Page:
La Tanière : Creative cooking on the outskirts of Québec City – Part 1

2 Jun

I first experienced molecular gastronomy a couple years ago at a restaurant called L’atelier in Ottawa.  There, I had a 12 course meal with wine pairing which was amazing.  So, when I heard of a restaurant called La Tanière near Québec City, I was anxious to try the molecular experience again.  My boyfriend surprised me for my birthday by offering me the best they had to offer, a 20 course meal… with wine pairing!

So, brace yourselves, as I describe the 20 fabulous and inventive courses we had the pleasure of partaking in!

We arrived at 7:15pm, the latest they suggested you arrive for the meal, since 20 courses can take a while.  The restaurant is in the middle of nowhere, on a country road, in a very unassuming converted house.  The interior, however, was much nicer, quite modern, and highlighted local art.

The first course was called herbal trilogy, and included three offerings:

The first was a fried ball of boar head pâté, that is deboned boar head, that is made into a country style bread, served with a branch of rosemary.  We were told by the server that the idea was to breathe in the smell of the fresh rosemary as you bit into the fried pâté.  The pâté was surprisingly creamy and not gamey at all, with a smooth texture.  And, the rosemary smell lent a nice and inventive addition to the bite.

Next, our waiter suggested we have the fresh scallop.  The scallop had just been shucked, so it was served with it’s roe.  I had never had scallop roe before and it was delicious.  It had a taste reminiscent of lobster roe or mussels, but with a smooth buttery texture, which was delicious.  It had that granular sea taste while still being very fresh.  Served with the smooth raw scallop with it’s more delicate perfume, the crunchiness of the mango salsa and the tang of fleur de sel, it was perfection!

Finally, the trio finished with a warm cumin and mint tea.  The particularity of this tea, however, was that it was served with a smooth sphere inside, which when you bit into it, released some cold ginger tea.  The combination of the warm and cold was surprising and delicious.  We were off to a great start, these three amuse-bouches were amazing!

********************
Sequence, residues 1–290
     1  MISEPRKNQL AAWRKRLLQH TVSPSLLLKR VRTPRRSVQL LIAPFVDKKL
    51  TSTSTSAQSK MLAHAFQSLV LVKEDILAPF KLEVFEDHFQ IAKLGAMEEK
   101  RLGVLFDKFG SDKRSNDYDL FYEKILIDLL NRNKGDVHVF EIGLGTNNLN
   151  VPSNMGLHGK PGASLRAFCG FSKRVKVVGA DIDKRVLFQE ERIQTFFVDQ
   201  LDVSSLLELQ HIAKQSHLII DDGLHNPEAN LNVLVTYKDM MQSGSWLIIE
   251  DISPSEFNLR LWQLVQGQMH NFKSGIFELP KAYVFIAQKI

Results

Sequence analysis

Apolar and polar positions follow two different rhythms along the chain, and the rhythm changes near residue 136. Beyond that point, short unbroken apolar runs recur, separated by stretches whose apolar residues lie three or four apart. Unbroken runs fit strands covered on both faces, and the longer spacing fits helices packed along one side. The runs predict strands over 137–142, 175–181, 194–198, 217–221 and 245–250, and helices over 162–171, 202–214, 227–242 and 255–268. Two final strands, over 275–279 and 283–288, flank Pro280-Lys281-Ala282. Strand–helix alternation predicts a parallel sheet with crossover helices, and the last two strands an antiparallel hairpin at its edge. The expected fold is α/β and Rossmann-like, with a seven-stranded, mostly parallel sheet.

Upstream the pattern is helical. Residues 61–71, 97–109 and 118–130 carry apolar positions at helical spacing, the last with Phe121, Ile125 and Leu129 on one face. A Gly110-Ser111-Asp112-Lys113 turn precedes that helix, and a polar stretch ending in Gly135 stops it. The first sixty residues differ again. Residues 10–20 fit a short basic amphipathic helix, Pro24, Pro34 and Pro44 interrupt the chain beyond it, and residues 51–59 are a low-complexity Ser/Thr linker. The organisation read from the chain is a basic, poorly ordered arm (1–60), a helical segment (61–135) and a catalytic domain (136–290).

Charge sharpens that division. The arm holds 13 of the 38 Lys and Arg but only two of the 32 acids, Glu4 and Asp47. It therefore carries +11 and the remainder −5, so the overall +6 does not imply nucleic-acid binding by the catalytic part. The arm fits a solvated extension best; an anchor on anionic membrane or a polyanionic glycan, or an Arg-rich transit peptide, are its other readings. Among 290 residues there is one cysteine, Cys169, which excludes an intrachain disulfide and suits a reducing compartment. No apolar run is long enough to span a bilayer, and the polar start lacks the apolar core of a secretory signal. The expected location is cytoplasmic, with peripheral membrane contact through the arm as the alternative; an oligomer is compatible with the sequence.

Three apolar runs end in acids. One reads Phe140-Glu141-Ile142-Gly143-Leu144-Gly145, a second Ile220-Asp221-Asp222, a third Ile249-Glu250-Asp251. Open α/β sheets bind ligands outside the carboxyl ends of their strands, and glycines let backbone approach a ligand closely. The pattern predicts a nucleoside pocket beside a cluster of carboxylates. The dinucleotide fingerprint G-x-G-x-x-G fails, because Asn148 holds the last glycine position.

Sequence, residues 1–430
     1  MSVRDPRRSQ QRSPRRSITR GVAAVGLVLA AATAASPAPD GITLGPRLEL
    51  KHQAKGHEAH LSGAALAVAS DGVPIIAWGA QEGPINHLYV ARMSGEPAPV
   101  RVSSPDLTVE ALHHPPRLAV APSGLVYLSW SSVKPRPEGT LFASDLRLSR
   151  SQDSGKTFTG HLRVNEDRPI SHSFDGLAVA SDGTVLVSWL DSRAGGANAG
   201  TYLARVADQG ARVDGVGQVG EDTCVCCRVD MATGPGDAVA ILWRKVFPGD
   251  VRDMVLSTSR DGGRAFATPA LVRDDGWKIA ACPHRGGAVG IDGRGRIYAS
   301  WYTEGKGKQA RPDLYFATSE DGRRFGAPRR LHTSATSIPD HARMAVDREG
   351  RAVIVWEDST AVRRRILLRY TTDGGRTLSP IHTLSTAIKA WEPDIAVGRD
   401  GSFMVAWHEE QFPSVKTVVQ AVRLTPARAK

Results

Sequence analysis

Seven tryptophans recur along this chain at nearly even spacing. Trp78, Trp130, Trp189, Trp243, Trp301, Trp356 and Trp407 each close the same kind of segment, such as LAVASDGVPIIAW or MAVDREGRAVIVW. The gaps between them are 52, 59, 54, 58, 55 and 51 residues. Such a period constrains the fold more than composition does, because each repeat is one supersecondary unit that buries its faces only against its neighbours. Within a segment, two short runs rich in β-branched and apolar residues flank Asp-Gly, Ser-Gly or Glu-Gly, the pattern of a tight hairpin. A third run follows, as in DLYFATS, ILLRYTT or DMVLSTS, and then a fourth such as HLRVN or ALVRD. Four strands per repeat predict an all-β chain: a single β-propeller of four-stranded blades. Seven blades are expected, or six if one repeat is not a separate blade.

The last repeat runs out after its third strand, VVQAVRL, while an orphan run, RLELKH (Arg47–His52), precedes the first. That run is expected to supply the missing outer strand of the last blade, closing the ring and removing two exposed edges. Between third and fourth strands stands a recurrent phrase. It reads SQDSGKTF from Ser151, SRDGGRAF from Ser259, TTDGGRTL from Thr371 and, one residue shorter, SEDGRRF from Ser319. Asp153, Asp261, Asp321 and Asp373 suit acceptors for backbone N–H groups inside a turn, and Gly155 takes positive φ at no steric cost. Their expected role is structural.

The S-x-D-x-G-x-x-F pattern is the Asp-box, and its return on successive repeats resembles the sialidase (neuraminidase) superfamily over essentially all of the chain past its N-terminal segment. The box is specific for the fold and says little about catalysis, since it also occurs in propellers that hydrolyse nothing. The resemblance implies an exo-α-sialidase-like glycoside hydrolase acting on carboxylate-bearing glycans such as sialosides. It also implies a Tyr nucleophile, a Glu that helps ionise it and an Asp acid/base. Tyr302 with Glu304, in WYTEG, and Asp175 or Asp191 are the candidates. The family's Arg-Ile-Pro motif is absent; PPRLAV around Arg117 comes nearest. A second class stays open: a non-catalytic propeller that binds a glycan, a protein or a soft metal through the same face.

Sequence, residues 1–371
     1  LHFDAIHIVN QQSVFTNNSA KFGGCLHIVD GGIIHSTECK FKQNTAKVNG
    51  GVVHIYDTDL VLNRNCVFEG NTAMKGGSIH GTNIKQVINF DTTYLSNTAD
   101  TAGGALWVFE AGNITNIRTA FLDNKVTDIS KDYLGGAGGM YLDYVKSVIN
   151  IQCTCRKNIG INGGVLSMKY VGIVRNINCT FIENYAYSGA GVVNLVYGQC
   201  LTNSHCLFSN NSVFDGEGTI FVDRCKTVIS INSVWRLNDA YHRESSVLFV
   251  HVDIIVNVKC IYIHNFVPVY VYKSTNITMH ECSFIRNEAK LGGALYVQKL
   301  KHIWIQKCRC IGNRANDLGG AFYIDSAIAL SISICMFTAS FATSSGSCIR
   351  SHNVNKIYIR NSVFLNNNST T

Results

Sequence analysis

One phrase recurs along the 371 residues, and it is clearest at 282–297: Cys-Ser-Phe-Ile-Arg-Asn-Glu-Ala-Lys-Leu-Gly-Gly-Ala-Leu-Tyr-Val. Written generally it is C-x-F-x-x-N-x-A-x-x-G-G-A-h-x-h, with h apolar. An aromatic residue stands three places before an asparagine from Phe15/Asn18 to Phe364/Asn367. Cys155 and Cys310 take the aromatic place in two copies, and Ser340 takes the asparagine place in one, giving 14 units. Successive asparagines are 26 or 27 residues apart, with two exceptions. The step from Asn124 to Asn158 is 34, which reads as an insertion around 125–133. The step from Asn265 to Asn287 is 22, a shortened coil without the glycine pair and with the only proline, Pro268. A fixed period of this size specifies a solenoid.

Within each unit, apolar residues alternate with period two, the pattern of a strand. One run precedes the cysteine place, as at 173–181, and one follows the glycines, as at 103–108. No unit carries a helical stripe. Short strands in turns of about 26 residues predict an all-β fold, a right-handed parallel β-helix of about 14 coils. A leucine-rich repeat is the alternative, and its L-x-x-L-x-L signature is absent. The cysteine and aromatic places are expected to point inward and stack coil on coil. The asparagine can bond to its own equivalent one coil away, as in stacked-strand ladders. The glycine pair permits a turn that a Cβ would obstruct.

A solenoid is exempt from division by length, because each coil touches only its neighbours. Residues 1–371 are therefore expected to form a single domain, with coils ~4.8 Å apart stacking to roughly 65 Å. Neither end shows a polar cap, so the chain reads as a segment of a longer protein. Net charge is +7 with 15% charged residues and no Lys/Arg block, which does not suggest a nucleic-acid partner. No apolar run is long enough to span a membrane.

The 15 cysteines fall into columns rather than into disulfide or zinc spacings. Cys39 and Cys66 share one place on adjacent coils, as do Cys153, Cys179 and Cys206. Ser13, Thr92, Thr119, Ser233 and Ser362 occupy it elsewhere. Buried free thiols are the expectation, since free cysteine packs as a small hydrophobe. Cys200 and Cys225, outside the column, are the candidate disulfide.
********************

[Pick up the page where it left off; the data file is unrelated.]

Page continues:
The second course called illusion was an inventive take on caviar.  The idea was to reproduce the look, feel and taste of the experience of eating caviar, without it.  So, small gellified balls with the same texture as caviar were created out of different ingredients, namely squid ink.  They were served with small chips of dried parsnip, and a creamy sauce made of goat cheese and champagne.  The result was delicious, especially the creamy sauce, however, the taste of the caviar was not really reminiscent of real caviar.  The briny ocean taste so present in caviar was much more discreet here.  However, this course reflected the theme of the meal somewhat, where creativity and humour were mixed to create a food experience that is not meant to be taken so seriously.

The third course called marine cloud, was halibut served with asparagus, sea buckthorn and squash purée.  The crunchiness of the asparagus was a nice contrast with the tender halibut that was cooked to perfection.  Likewise, the sweetness of the squash was a nice combination with the tartness of the buckthorn berry.  This was also a larger portion, much more filling than the previous two, and I was starting to have some doubts about my ability to eat twenty courses!

Luckily, the fourth and next course, called on the banks, was much smaller.  It was a very fresh malpec oyster, served with grapefruit and a pansy (which are edible).  Again, teh flower was more decorative, and did not lend much to the taste of the oyster.  However, the presentation was pretty and the grapefruit was a nice comination to the fresh ocean taste of the oyster.